Video  

This is why we still have the Electoral College

The Electoral College is the system by which Americans elect their president every four years. When American voters go to the polls for a presidential election, they are actually voting for a slate of electors who have pledged to support a specific candidate. These electors cast their own votes, and the winner is elected to the presidency. Two hundred years ago, the Framers incorporated the Electoral College into the United States Constitution, and to this day it remains one of the most controversial aspects of that document. But despite numerous attempts to reform or even abolish it, the Electoral College remains the mechanism by which Americans choose their president every four years. So why is it still around? Alex Keyssar, Matthew W. Stirling, Jr. Professor of History and Social Policy at Harvard Kennedy School, explores this subject in his latest book, “Why Do We Still Have The Electoral College?”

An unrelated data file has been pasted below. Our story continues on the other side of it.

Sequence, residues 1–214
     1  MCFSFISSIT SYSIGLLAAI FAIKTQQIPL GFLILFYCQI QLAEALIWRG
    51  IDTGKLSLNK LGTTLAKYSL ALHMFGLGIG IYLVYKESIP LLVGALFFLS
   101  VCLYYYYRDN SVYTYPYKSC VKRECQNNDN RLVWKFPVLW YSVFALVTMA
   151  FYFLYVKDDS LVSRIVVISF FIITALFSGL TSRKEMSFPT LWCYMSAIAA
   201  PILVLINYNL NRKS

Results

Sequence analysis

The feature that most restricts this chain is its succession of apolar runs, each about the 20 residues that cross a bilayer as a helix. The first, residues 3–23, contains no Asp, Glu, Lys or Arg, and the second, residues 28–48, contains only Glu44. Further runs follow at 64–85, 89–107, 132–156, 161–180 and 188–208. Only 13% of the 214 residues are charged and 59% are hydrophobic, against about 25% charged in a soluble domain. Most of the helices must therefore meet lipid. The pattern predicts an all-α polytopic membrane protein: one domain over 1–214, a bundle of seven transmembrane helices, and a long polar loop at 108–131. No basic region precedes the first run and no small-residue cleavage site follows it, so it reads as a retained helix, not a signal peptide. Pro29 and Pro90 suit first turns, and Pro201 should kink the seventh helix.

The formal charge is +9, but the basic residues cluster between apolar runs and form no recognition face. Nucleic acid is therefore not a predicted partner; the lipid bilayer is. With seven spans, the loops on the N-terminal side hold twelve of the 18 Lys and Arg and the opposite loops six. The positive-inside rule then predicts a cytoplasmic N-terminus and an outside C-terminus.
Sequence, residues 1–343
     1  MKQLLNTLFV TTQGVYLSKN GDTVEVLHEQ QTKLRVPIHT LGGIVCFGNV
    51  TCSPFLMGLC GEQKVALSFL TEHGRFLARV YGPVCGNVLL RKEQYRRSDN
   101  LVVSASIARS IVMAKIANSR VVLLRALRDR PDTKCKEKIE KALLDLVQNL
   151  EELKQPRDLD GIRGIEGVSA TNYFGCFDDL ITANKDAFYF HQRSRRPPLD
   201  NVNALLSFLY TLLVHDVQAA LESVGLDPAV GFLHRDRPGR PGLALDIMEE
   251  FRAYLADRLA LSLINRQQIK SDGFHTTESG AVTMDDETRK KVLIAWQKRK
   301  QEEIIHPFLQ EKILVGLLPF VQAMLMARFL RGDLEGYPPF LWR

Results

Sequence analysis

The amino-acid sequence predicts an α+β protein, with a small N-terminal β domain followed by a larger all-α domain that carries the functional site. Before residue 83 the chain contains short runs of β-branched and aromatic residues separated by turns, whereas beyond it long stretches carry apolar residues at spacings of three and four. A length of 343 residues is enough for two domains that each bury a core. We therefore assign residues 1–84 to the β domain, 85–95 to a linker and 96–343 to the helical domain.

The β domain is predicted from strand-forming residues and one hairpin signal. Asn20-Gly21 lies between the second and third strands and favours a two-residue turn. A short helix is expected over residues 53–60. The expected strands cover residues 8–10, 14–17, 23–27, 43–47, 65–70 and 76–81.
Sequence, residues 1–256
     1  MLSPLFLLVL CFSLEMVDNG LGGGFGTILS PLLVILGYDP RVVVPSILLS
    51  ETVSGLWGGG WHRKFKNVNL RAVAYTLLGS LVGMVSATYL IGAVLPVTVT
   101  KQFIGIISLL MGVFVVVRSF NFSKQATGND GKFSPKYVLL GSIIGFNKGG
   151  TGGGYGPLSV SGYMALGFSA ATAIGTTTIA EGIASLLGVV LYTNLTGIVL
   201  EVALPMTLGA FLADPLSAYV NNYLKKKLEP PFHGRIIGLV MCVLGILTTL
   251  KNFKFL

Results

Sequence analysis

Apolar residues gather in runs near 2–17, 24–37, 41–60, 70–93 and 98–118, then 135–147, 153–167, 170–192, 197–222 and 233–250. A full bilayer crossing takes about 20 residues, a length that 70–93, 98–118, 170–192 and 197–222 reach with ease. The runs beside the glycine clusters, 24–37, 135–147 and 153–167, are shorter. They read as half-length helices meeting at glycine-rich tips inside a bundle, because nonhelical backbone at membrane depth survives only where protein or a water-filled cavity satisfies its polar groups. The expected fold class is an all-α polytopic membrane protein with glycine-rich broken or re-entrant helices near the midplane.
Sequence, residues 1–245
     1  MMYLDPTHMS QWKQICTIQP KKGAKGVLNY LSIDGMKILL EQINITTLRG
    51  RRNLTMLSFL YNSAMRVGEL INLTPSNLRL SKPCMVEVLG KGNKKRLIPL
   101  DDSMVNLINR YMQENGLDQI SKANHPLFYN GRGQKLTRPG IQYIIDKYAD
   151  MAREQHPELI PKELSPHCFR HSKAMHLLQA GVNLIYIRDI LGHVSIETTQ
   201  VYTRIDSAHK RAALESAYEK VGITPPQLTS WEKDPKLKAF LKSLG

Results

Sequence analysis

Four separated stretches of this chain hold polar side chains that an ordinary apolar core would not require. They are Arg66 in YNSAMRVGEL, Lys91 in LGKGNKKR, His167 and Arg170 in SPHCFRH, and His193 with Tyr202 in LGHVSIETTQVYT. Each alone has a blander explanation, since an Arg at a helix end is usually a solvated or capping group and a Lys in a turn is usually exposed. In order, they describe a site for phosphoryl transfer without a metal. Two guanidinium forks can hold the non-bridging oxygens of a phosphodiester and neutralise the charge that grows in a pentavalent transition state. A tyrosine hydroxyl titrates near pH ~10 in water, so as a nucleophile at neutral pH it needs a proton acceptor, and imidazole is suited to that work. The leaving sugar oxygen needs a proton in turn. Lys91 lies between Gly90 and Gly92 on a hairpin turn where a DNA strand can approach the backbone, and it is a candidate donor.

The answer is not as straight forward as one might think, and in this video Professor Keyssar discusses the myriad reasons that we still follow with what he calls, “a process that does not conform to democratic principles the nation has publicly championed.”

Behind the Book is a collaboration between the Office of Communications and Public Affairs and Library and Knowledge Services at Harvard Kennedy School.

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